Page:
I don’t know what the issue was with the UV-5. Maybe a corrupted codeplug or a glitch when writing to the radio? In any case, it is now non-functional and I can’t connect to it via the programming cable or the front panel. I tried resetting it, but all that did was clear all of the programming. I’m pretty sure the firmware got corrupted.
So, the score is two to one. I’m not too worried. I think I only paid twenty-some odd dollars for the Baofeng, and I’ve had it for quite a few years. I can handle the loss!
More later … 😀
Note … For those of you that are challenged by French, “Deuxieme Partie” translates to “Part 2”!
I volunteered to help with communications for the annual Boys & Girls Club Smart Smiles 5K race this coming Saturday. I got the email for assignments, frequencies, duties, etc. yesterday. This’ll be the first time I’ve done one of these public service events in years … maybe even decades! Looking forward to it!
However (there’s always a however, you know) … that means I’ve got to program a couple of radios to contain the repeater and simplex frequencies we’ll be using. It’s probably been over a year since I programmed any radios. It’s a shame that every radio has its own proprietary software and unique programming cable as well. First, I have to find the cables and then, try to remember how to manipulate the software. None of it is very intuitive!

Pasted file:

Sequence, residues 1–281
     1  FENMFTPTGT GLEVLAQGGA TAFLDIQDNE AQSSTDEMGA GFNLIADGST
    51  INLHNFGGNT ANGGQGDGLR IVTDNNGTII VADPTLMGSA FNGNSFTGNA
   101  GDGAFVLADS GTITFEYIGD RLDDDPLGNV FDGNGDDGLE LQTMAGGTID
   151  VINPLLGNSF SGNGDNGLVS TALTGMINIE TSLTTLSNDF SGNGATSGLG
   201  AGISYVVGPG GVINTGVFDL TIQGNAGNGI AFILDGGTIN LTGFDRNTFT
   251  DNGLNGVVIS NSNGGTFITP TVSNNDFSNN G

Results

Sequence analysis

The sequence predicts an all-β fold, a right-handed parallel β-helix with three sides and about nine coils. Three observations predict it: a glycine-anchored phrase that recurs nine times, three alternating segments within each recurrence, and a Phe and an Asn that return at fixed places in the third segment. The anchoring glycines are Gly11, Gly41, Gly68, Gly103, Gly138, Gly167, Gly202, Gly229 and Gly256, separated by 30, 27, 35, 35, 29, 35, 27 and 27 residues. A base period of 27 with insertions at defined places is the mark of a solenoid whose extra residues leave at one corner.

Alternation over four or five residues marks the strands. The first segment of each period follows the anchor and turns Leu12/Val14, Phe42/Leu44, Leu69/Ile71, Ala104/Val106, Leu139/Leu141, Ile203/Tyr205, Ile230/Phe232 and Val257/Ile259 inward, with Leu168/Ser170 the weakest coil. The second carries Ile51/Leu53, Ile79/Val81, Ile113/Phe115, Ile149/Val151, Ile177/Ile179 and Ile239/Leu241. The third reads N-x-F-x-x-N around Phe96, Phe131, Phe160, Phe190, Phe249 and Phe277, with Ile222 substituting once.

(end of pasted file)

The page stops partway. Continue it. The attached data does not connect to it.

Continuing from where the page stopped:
One radio uses Chirp for programming, so that’s not too bad … I can handle that. The other is a D-Star radio, and I remember how much sweat and tears I shed the first time I tackled programming that 🙁 . Hopefully, it’ll come back to me! Everything I have to enter is analog, so maybe it’ll be easier.
I’ve also got to add some repeaters to my hamshack base radio. I don’t have some of the SkyWarn backup repeaters programmed, and I need to get that done with hurricane season approaching.
Anyhow, wish me luck. I’ll report back and let you know how I did.